KK: I have a pretty ingrained practicing schedule. I rarely go a day without practicing. It takes a lot of focus and energy to keep improving on all the different instruments, and you add something like the 14-string Contraguitar to the mix, which is like starting over on a new instrument… well, I have to work on it every day. And there are times where I need to hear the Contra. It is such an entirely “other” voice and sound and a whole new planet that sometimes I just need to hear that, to be surrounded by and immersed in that soundworld. So that phenomena serves to augment the practicing schedule, too.

I think by now we’ve discussed most of the upcoming 2012 releases. 2013 will see new duo albums released by myself and Mark Wingfield, a new duo record with Carl Clements, the new trio record with Sándor and Balazs, and it is possible that the duo album recorded in Nograd in 2009 will be released in 2013, too. Michael Manring and I are recording another album this year, which should be out in 2013. Plus the other projects that I can’t mention just yet. And the album with cellist David Darling is coming soon. Oddly enough, I’ve had a surprising number of people contact me or talk to me after concerts and ask when my solo album is going to be available. Most of those were people that like my music, but a few were concert promoters and music journalists like yourself, so this is all making me think I need to focus a bit more on the solo works. I don’t want to predict when that will be out, as it’s a slow process, but it is in the works. I was asked to do a solo on-the-air performance for a radio station in New York City next year, so yeah… that will happen.

Once the record with Gilbert Isbin is released, we’ll have some concert dates in Europe to support that album; that will be in 2013. And there is another European tour in 2013 for the Triptych trio to support the new trio record. Carl wants to do some dates in New York City, so I expect to be driving down to NYC with more frequency next year.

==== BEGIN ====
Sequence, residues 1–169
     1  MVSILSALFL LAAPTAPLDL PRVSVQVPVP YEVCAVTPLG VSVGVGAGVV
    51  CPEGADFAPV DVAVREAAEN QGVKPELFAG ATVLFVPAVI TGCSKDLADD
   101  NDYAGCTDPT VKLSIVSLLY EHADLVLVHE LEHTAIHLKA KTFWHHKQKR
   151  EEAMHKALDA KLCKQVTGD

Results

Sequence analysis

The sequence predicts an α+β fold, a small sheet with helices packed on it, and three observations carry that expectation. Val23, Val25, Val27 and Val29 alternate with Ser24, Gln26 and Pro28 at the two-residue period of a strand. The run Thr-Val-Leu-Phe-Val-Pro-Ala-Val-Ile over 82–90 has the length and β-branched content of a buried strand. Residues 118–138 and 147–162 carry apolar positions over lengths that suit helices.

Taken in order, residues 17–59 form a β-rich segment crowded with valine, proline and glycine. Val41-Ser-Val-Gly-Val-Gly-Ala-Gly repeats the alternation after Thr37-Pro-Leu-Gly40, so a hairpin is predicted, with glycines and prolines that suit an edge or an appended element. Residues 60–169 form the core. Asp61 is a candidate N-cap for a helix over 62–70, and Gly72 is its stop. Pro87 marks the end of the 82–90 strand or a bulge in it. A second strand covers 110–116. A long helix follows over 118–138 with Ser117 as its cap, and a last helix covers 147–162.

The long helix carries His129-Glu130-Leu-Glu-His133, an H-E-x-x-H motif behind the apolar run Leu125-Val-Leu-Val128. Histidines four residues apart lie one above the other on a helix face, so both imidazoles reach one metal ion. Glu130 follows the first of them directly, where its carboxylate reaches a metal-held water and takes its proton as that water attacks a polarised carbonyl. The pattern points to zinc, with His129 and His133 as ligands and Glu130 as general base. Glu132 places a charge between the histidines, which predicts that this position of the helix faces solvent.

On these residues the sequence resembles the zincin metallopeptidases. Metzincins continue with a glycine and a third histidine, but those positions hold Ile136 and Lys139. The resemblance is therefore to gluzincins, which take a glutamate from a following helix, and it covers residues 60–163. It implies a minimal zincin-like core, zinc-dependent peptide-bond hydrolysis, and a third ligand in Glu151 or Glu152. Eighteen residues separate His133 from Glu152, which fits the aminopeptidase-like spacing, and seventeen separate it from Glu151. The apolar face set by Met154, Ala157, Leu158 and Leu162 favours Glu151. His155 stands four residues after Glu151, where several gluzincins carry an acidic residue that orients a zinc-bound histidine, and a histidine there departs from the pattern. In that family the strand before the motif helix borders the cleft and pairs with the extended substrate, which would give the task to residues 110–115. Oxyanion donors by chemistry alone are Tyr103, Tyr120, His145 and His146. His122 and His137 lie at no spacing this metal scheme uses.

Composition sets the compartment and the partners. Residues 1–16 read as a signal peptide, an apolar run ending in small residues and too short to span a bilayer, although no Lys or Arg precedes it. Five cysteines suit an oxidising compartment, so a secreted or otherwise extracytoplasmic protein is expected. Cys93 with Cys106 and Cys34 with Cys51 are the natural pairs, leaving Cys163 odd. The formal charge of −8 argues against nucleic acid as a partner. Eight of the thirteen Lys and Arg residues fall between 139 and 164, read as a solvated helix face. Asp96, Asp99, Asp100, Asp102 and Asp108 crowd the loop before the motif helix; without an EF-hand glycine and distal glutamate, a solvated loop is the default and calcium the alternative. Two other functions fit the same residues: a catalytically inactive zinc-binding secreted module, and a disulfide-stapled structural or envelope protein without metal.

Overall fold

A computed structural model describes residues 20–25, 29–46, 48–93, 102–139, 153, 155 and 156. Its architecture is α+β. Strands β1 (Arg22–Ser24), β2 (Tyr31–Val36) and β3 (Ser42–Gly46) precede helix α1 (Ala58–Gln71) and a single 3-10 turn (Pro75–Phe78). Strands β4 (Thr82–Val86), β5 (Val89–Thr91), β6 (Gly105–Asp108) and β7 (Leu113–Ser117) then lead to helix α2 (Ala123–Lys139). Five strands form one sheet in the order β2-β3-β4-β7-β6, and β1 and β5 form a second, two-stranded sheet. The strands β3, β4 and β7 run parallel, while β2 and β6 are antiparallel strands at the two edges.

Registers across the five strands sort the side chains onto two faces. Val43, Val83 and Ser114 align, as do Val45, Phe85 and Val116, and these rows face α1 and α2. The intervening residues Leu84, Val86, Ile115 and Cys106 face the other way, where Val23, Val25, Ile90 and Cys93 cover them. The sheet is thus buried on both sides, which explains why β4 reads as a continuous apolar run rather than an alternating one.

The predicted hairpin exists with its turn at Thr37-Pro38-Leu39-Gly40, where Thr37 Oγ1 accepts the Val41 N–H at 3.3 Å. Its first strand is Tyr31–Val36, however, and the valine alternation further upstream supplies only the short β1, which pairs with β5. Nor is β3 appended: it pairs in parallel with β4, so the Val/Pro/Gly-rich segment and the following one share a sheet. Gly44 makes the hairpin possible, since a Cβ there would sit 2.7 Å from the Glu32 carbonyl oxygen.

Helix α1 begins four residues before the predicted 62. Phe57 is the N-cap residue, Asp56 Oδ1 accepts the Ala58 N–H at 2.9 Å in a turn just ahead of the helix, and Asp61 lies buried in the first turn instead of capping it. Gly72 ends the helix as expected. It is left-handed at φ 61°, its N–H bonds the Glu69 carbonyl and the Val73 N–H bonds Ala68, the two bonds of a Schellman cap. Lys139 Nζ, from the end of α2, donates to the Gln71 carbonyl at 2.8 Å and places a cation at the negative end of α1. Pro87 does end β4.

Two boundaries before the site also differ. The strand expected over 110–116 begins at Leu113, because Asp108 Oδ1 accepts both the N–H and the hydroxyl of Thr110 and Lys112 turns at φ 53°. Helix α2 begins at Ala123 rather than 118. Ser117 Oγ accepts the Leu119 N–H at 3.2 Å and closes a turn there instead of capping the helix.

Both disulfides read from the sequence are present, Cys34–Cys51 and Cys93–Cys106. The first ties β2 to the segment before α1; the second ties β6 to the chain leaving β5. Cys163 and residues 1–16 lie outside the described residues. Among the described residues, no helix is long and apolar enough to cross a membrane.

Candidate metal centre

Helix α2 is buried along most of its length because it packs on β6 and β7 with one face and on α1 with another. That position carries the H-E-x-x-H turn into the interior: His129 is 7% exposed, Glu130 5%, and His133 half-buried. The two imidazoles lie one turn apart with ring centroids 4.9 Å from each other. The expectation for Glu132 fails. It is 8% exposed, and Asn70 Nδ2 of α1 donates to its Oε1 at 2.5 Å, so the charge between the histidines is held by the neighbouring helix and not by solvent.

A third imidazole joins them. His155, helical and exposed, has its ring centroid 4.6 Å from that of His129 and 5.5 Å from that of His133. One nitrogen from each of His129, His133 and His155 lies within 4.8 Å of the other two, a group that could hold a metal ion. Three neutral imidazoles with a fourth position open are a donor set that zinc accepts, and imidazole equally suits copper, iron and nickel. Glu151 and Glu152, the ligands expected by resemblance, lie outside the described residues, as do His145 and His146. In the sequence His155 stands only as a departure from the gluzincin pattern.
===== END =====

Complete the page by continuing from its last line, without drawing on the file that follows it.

I was asked to contribute a track to the 2012/2013 compilation album for the International Fretless Artists. I finished that last month, a solo fretless guitar piece. I’ll be appearing in the IFA concerts in New York City in October 2012.

Since you and I last spoke, I commissioned another 14-string Contraguitar; that arrived in December 2011. That one is known as C2; the first one is C1. I’ve been using C2 in my own intervallic and altered tunings. C1 remains in octave tuning. Also on C2, I’ve been working with Hipshot on their Bass Xtender tuners, there are a set of those on C2. That allows a much wider variation of tunings in addition to my other sets of tunings. Each string on a Bass Xtender tuner has three tuned pitches through which you can toggle, instead of just one pitch. I’ve been using capos in various unorthodox ways on C2 as well. I’ve been working with Nick Campling at G7 Performance Capos, and he’s been supplying me with some excellent tools for this. I’ve already been using C2 on the sessions with Carl for our next album, and will be using it on the upcoming sessions with both Mark and Michael later this year. There are two tracks on the new record with Sándor that will be released next month wherein I’m using C2 as well.

Also this year there is an interesting project happening with Dan Roberts at Daniel Roberts Stringworks. As you know, Dan is the master luthier that created the 14-string Contraguitars for me. I have been working classical guitar into the albums more and more. There are some tracks wherein I’m playing classical on I walked into the silver darkness, Dreaming As I Knew, and In Winter. And the new album with Sándor that’s out next month has some pieces where I’m playing baritone classical, which is a gorgeous and rich voice. But after playing so much on double-course instruments like the 12-string bass-baritone, 12-string Alto, 12-string octave guitar, and the 14-string Contras, working with single-course instruments feels limiting, like something is missing. So this year, Dan and I are collaborating again on another new instrument. This one will be an 8-course 16-string classical guitar. I am excited about that, and already have one album project slated for early 2013 centering around that instrument.

Another project Dan and I are doing this year is on C2. At the time he was designing and building it, we were planning on making it a 16-string. So the bracing and voicing were done with that intent; yet I was concerned about the string spread and spacing of 16 strings, so at the last minute, I decided to keep it at 14 strings. I’ve been playing Contra now for almost two years, and I am finding that I can still execute my usual classical-based technique without the need for wider intra-course spacing. So, we’re going to add an eighth course to C2 this year, making it a 16-string, as was originally intended. That will certainly provide some new colors in the palette.

2013 is looking to be busier than this year for sure!


Thanks to Kevin Kastning @ www.KevinKastning.com